Abbe Pierre Antoine Simon Maillard (c. 1710 – 12 August 1762) was a French-born Roman Catholic priest. He is noted for his contributions to the creation of a writing system for the Mi'kmaq indigenous people of Ile Royale, Cape Breton Island, Canada. He is also credited with helping negotiate a peace treaty between the British and Mi'kmaq people, which resulted in the Burying the Hatchet Ceremony (Nova Scotia). He was the first Catholic priest in Halifax and is buried in the Protestant church yard of St. Paul's Church (Halifax).
Maillard was born in the diocese of Chartres, France around 1710. He received his ecclesiastical training at the Seminaire de Saint-Esprit in Paris. In 1734 the Abbe de L'Isle-Dieu selected Maillard in a group of seminarists lent to the Seminaire des Missions Etrangeres, which was short of personnel. After eight months in that institution, Maillard was selected (1735) for the Mi'kmaq missions on Cape Breton Island (called Ile Royale at that time). His recommendation letter stated "he is a young priest who has greatly edified us . . full of zeal and piety."
Maillard arrived at Fortress Louisbourg on the ship Rubis on 13 August 1735. He worked extensively with the Mi'kmaq people. He became a witness to, and eventually a reluctant participant in the ongoing struggles between French and British forces for control of the area.
Maillard quickly immersed himself in learning and becoming proficient in the language of the natives. He also devoted himself to missionary work, visiting all the settlements on Ile Royale, Ile Saint-Jean (now called Prince Edward Island) and English Acadia (now called Nova Scotia). He pleaded for additional assistance from his French superiors, who responded by sending Jean-Louis Le Loutre. The two worked together on developing the written language.
In 1740 Maillard was appointed Bishop of Quebec's vicar-general for Ile Royale. In 1742 this position created friction between his superiors and the provincial of the Recollets of Brittany, who wanted his men to be independent of Maillard's control. Maillard took every opportunity to criticize the conduct of those workers; his severity led Duquesnel (Le Prevost) and Francois Bigot to demand Maillard's recall, but Maillard's superior (Bishop Pontbriand) reached a compromise by dividing the vicar general's powers between Maillard and the superior of the Recollets in Louisbourg. This arrangement continued until 1754, when Bishop Pontbriand confirmed Maillard in his functions as vicar general, which he exercised alone from that point on.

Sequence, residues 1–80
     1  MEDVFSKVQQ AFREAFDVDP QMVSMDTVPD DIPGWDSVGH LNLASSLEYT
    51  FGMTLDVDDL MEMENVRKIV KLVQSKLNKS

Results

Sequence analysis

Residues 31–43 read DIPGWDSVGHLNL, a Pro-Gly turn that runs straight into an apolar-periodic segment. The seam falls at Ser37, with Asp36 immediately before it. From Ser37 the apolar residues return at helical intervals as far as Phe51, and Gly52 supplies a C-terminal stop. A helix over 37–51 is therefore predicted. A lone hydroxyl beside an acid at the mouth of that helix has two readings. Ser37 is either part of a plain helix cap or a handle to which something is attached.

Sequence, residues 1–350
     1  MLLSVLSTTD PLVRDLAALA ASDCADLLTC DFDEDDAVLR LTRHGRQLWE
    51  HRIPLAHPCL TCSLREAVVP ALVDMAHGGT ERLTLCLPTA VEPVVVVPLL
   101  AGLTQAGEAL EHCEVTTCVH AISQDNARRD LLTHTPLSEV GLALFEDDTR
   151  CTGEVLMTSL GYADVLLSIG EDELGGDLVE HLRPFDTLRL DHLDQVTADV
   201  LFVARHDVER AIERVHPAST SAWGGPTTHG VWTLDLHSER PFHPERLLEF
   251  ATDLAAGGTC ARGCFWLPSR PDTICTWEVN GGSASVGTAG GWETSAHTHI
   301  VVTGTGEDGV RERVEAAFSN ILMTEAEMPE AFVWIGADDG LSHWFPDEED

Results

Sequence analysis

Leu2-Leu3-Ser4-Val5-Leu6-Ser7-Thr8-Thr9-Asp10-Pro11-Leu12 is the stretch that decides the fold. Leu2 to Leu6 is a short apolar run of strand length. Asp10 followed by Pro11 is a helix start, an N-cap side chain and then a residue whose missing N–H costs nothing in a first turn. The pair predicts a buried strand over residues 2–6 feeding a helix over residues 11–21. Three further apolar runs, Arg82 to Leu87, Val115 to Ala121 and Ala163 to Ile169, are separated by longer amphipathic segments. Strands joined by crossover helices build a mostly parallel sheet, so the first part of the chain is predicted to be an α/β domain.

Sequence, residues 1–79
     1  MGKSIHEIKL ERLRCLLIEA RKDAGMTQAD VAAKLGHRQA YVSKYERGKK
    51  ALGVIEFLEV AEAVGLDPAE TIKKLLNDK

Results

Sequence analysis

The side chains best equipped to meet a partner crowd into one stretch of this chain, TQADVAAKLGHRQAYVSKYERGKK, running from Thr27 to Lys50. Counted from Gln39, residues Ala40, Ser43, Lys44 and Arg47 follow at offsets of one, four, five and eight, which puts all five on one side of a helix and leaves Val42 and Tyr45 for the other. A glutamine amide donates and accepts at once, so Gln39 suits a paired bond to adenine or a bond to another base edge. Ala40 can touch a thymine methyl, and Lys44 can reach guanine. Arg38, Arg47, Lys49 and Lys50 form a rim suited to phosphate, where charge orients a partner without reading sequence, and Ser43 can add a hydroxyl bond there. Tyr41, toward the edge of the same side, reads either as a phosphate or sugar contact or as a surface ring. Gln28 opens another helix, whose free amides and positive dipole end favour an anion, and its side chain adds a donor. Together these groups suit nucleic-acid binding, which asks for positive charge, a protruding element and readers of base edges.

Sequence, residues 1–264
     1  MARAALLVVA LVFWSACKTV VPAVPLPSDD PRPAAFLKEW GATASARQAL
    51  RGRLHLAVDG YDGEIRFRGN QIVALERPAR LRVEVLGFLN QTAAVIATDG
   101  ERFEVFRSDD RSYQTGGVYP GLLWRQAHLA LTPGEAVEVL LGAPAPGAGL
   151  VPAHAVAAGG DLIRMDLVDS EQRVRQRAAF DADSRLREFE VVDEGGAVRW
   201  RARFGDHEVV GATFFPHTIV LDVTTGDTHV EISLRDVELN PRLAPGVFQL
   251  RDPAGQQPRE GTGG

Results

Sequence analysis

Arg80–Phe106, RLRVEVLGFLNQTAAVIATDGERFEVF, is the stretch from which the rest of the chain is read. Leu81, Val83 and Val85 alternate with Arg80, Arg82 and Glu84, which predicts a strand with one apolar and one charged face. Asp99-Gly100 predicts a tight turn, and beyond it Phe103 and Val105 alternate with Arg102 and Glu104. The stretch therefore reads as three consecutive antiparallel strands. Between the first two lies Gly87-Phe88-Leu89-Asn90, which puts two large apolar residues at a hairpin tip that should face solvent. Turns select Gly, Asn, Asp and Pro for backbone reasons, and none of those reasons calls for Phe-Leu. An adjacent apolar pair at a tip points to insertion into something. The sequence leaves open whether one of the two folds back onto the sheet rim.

Along with Abbe Le Loutre, Maillard was involved in supporting the Mi'kmaq, French and Acadians throughout King George's War. He was present when Annapolis Royal was under siege, and after the fall of Louisbourg in June 1745, Maillard encouraged Micmaq warriors to mount raids against British forces.
In the closing months of 1745 the British captured Maillard and sent him to Boston. From there he was deported to France. However, he quickly (1746) returned to Acadia on with the Duc d'Anville Expedition, which was coordinated with Father Le Loutre. He took active part in military campaigns during the winter of 1746-47 directed by Jean-Baptiste-Nicolas-Roch de Ramezay, such as the Battle of Grand Pre.
During Father Le Loutre's War, Maillard encouraged the Mi'kmaq declaration of war against the British. Maillard was involved with resisting the founding of Halifax, Nova Scotia in the summer of 1749. In an attempt to remove his influence from the ongoing events in the area, Halifax Governor Edward Cornwallis tried to persuade Maillard to retire to Minas Basin. In apparent response to this pressure, the French King awarded Maillard an 800 livre annual pension in 1750, and another assistant (the Abbe Jean Manach) was dispatched to assist Maillard with his workload. From his mission on Ile de la Sainte-Famille, Maillard continued to incite his Mi'kmaq contacts to a state of war until 1758.
To assist the religious efforts Maillard self-financed construction of buildings (beginning 1754) on Ile de la Sainte-Famille (now called Chapel Island) in the south of Grand Lac de La Brador, where his main mission was located (he did receive a reimbursement of 3,000 French livres in March 1757).